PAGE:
From the collection of: Iain Norman


Early to mid 19th century although 18th century perhaps possible - probably Bornu regions although perhaps Hausa.


Pommel is brass and appears to be of cast construction, shows great age and patina with holes due to age evident. Globular and weighty provides excellent balance. Pommel is capped with a bronze Egyptian 5 milliemes coin from either 1938 or 1943 (the only years with the scalloped edges), a later addition to the sword as evidenced by the obvious lack of patina on the end of the tang in contrast to the rest of the sword. This late modification is also born out by the shortness of the hilt and leather work.

Blade is massive, almost triangular. This form is often associated with high status pieces owned and wielded by figures of importance in the military and palace structures. No markings or fullering what so ever. Tip form is not due to sharpening but forged precisely. Blade would be very capable of stabbing. Edge nicks indicated heavy use over it’s life.

Pitting on the blade and general patina, coupled with pommel patina indicated a very old example of a high quality takouba likely belonging to a chieftain and passed down through the generations.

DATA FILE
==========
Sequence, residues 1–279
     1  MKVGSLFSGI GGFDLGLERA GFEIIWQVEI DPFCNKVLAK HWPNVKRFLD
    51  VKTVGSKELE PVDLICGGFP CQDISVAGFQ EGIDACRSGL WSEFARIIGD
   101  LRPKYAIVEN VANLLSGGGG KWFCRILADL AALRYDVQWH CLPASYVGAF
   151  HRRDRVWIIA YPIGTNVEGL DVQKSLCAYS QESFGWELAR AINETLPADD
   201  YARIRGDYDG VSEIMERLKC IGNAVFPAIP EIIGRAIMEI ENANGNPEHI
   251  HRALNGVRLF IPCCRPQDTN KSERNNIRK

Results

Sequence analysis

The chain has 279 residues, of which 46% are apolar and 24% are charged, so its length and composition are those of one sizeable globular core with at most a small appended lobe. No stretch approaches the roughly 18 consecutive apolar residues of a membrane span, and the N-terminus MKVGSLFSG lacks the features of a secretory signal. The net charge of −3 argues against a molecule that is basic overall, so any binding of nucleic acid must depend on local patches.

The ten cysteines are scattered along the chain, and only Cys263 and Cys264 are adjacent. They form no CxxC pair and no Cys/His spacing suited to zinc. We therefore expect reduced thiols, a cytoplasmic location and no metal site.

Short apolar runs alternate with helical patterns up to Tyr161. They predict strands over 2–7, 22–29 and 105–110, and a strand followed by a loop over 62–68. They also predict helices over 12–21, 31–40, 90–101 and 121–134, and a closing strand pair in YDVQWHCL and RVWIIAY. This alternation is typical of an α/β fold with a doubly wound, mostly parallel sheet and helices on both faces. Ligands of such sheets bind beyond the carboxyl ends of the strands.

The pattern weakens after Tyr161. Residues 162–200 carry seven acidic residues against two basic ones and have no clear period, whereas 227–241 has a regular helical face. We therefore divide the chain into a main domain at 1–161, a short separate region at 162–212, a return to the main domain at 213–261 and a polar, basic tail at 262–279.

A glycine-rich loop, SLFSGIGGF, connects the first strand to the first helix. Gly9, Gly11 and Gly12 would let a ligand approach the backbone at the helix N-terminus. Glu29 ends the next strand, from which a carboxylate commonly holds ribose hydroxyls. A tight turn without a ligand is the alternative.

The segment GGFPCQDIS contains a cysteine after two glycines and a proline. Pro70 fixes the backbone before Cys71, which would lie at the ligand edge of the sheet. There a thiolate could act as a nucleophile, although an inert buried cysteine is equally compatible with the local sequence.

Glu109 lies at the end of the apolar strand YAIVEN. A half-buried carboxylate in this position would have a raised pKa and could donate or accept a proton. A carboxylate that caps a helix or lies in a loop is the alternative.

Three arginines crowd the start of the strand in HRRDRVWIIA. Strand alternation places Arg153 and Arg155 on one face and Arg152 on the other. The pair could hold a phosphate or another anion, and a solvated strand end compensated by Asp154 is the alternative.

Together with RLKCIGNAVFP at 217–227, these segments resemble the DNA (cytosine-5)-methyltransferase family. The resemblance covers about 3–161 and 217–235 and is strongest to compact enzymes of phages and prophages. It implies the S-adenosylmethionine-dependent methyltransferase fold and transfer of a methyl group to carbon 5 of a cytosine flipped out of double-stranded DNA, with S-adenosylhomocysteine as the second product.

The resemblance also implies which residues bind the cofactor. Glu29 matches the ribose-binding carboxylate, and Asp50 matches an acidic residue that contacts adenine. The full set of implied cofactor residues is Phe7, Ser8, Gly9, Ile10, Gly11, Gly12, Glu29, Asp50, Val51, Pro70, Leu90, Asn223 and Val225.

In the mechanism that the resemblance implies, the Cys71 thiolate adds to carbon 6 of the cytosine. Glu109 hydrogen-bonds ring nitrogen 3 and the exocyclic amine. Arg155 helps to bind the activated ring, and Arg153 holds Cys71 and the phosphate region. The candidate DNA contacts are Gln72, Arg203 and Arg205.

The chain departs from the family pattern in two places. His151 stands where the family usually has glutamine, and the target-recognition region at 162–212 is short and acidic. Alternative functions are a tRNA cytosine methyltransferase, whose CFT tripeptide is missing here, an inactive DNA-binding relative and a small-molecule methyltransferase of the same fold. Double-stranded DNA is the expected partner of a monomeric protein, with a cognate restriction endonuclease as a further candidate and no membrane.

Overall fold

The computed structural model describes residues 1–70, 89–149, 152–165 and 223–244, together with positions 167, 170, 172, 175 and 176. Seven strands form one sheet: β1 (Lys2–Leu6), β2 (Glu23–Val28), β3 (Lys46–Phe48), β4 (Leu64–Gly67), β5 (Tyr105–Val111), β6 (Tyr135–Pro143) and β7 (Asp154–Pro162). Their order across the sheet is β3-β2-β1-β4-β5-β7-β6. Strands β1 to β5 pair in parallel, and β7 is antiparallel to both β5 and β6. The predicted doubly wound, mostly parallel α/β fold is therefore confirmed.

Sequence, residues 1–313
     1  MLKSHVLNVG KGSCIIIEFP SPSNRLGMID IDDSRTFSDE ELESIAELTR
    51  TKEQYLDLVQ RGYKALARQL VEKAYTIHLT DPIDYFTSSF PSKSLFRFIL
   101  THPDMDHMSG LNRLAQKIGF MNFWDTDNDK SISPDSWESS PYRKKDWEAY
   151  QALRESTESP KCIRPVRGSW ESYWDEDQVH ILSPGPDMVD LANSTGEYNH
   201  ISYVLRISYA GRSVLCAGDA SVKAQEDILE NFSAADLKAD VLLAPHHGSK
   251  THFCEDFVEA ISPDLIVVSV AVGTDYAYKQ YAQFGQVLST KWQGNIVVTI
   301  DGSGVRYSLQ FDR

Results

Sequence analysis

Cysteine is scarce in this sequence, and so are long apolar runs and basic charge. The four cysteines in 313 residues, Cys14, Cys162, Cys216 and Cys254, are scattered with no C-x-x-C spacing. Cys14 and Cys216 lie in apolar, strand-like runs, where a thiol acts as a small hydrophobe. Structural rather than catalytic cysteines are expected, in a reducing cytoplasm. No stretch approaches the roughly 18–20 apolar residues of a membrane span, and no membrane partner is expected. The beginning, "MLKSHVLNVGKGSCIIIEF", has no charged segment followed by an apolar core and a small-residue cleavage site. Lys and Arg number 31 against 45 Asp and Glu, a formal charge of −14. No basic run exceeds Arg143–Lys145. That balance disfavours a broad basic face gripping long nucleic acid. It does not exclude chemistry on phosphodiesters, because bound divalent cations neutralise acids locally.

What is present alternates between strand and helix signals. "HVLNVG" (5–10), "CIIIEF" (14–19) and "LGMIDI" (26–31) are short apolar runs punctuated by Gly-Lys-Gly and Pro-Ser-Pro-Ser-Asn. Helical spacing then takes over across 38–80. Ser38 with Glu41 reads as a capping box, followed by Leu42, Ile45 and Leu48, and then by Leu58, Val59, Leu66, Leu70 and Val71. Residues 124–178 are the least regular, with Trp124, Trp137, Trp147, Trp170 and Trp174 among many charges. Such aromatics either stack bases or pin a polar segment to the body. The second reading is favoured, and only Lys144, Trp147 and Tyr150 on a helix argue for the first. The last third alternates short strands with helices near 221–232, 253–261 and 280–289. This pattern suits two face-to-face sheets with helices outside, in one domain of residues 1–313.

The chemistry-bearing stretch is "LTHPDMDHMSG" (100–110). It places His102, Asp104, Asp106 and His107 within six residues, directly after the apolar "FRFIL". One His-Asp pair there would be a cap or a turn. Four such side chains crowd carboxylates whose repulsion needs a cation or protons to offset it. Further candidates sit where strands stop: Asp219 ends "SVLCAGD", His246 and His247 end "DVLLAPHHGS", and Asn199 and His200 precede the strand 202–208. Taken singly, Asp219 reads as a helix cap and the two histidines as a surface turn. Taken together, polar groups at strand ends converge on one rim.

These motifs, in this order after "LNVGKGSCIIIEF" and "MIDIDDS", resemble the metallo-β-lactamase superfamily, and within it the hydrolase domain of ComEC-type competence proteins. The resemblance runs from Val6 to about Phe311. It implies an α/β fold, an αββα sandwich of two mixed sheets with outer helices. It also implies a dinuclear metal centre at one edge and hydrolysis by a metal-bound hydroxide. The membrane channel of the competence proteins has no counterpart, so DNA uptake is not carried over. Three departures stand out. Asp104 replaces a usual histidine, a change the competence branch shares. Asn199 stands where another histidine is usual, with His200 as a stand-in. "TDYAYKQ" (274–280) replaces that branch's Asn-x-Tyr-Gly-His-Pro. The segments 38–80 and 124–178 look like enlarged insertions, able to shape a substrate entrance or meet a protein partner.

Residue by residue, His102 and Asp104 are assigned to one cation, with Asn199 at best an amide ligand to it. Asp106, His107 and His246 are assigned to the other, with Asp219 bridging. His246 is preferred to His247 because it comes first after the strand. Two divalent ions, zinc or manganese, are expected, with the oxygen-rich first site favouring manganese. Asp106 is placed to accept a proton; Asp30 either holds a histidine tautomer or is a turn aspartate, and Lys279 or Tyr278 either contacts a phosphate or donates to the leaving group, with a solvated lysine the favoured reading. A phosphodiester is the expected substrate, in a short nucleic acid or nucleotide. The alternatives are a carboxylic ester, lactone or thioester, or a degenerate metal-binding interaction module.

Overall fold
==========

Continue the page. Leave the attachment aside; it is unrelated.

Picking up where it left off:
Originally I suspected this blade might be Tuareg but after seeing and handling a few swords from the Bornu regions, this sword seems to share some characteristics. The style of leather work, the fact that I have photos of Bornu riders from the early 1900s carrying wide blades and the style of the steel all point to this being a likely area. Where as Tuareg do not appear to have used wide blades. If the coin was added in the 1940s I would not be surprised. Anglo-Egyptian Sudan was still in existence and bordered on French Equatorial Africa. A not unlikely area for Egyptian currency to appear. The coin was probably added as pure decoration, but perhaps as a sign of the owner’s wealth. An interesting testimony to the longevity of these weapons.


{coming soon}